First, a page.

Let's Get Lost Meandering Explorations of Shape and Space


This is a space to establish some intellectual and situational context for the material on this site.

Math + Physics

Springs Go Boink

Bill Watterson is the man!

To start on this quest, we begin by thinking about how to model springs. To do this, we first need to notice (either by playing with a spring, or by trusting the experiments of some guy named Hooke), that springs are linear. To understand how this feels, imagine taking a spring and compressing it against a wall some amount X. Now if you double the amount of compression, the amount of “force” which you feel in return will also double.

In math, we write this as: \[F = kX\] Where is the “characteristic” of how spring-y your spring is, and is the displacement from the “rest” length.

But we want to draw the spring in the computer, where we can’t feel it with our hands. Instead we will feel it with our eyes by the way that it changes in time. To do this, we must evolve the system. To do that, we need some calculus - specifically, we must implement a scheme for doing numerical integration.

Numerical Integration

This is a large subject in it’s own right, and there are many resources avalible which provide a more complete view the problems that arise (like numerical stability, speed of convergence, ect).

For completeness, a brief note to guide intuition: Taylor’s Theorem gives a way of approximating a function about a point in terms of it’s derivatives at that point. Euler’s Method is then the naive application of this observation in order to approximate a function in terms of it’s derivatives.

For example, if you have a function which describes the change in velocity of a particle as a function of time, then you can approximate the resulting position by moving that velocity for a time step: \[ vel(t) = g(x), t_n = n * step, pos(0) = x_0 \] \[ pos(t_n) = pos(n * step) = pos( (n - 1) * step) + step * vel(n - 1) \] Where is a constant which determines the step size in time for each step of the approxmiation, and g(x) is our “given” function.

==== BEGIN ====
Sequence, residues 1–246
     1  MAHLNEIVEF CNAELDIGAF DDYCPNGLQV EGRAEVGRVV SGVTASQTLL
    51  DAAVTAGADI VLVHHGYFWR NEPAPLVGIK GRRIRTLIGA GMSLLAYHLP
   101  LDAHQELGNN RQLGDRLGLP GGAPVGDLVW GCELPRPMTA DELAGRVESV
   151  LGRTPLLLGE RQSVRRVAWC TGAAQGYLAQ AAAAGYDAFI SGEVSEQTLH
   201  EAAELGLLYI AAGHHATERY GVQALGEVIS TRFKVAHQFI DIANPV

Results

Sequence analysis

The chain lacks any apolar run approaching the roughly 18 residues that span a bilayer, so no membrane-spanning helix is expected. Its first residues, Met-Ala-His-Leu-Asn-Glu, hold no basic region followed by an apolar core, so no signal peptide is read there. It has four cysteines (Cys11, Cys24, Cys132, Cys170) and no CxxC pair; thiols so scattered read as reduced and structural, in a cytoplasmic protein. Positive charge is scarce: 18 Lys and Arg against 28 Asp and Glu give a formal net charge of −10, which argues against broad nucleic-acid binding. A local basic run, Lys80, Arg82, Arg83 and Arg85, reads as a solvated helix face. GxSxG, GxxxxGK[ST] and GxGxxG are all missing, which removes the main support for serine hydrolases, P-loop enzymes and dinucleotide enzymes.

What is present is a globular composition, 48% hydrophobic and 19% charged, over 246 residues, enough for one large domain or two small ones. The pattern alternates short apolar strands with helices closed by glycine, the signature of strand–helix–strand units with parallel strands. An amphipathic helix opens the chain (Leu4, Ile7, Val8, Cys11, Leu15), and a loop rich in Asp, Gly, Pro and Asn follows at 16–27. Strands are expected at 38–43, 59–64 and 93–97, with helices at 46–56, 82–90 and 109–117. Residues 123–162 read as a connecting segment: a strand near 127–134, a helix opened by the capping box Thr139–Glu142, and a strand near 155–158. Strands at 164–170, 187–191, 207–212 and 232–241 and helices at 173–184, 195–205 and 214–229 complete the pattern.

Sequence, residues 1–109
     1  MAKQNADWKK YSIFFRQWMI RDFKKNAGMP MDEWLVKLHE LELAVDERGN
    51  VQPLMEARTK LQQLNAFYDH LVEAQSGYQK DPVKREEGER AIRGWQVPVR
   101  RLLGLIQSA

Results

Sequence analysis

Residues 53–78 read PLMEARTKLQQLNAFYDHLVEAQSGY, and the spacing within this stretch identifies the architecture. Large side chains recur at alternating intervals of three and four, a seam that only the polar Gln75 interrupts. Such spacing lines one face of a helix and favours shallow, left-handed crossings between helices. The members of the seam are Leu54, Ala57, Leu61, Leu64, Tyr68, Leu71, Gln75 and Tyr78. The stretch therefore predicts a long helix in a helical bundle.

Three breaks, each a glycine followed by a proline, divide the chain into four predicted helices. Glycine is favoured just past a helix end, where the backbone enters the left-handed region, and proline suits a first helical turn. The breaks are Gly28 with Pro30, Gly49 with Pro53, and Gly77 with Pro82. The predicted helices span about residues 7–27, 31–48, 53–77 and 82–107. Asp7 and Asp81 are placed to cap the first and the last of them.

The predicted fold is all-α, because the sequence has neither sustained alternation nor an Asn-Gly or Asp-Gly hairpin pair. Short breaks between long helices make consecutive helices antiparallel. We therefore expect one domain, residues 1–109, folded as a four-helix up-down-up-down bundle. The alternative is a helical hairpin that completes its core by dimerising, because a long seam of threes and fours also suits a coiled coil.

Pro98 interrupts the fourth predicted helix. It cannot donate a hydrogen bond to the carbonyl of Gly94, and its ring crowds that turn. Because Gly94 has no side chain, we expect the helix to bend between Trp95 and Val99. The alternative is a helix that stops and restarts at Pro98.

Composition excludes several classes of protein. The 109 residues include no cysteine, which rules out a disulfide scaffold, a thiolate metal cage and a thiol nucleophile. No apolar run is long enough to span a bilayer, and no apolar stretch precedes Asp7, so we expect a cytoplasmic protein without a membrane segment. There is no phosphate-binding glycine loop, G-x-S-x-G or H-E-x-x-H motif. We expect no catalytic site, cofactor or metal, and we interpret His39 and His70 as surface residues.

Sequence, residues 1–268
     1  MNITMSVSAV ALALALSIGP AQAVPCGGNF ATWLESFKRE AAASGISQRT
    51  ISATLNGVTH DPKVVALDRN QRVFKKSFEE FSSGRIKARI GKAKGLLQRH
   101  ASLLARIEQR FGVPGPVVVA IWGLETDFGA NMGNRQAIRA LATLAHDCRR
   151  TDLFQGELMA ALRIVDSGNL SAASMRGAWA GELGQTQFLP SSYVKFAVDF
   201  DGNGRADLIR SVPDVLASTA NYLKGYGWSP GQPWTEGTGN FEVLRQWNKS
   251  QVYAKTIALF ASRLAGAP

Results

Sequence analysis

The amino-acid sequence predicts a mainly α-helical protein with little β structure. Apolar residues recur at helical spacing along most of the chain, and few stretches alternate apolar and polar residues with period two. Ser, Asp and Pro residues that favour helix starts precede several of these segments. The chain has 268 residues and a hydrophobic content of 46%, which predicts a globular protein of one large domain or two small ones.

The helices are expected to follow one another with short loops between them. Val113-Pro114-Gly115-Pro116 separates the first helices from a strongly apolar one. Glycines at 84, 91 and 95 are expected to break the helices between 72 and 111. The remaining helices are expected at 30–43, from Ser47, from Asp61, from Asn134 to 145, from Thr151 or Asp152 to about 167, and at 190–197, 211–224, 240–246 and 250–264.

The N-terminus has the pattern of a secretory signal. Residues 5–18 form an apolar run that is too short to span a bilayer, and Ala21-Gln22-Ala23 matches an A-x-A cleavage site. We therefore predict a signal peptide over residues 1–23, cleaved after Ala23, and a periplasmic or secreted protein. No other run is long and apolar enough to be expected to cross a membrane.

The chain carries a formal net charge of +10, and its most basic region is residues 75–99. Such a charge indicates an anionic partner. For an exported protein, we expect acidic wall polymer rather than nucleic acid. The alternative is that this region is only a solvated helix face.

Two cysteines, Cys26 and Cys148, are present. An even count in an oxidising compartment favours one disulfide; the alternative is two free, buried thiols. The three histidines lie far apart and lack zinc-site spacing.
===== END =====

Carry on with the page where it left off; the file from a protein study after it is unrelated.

In simulating springs, and more generally in a lot of physics, we interact with a system (i.e. apply a force) by changing the value of a second derivative (the acceleration). This means that in order to simulate how the position of particles evolves in time, we have to implement euler’s method using second order terms.

Vertlet integration (a good practical guide can be found here) is then a method of implementing second order Euler which implicitly calculates the velocity terms. This simplifies the implementation, and improves the numerical stability of the system. As such, it’s what we will be using going forward.

Contemplating the Past


This site was born out of an experimental a week and half long “mini” course at a summer math program for high school kids called HCSSiM. The title of the course was “Let’s Get Lost”, with the idea of the being that each day I would prepare the next lesson/course materials in response to the previous days discussion. As the class was fairly short, I sought to provide direction by choosing a destination - namely I wanted to touch on all of the ideas necessary to make a computer simulate a leaf (or more generally make it simulate something with hyperbolic geometry).


This class touched on a number of rich subjects in passing (in an effort to avoid getting to far afield of our initial destination). The aim was to get lost in connections between disperate ideas while still arriving at a conceptual destination that helped pull all the topics together.

More than anything else, the factor that drove the class was the question of how much a topic helped to develop “intrinsic” reasoning, i.e. did it help us understand and simulate the way in which global geometry emerges from local rules?

That said, as this class was happening at a summer math program, this pragmatic drive was tempered to a degree by a desire to meditate on ideas the class found independently compelling.


The Bet” by Chekhov and by “The Phantom Tollbooth” by Norton Juster, have little to do with anything discussed, but are excellent and worthy of (re)reading if they haven’t been considered recently.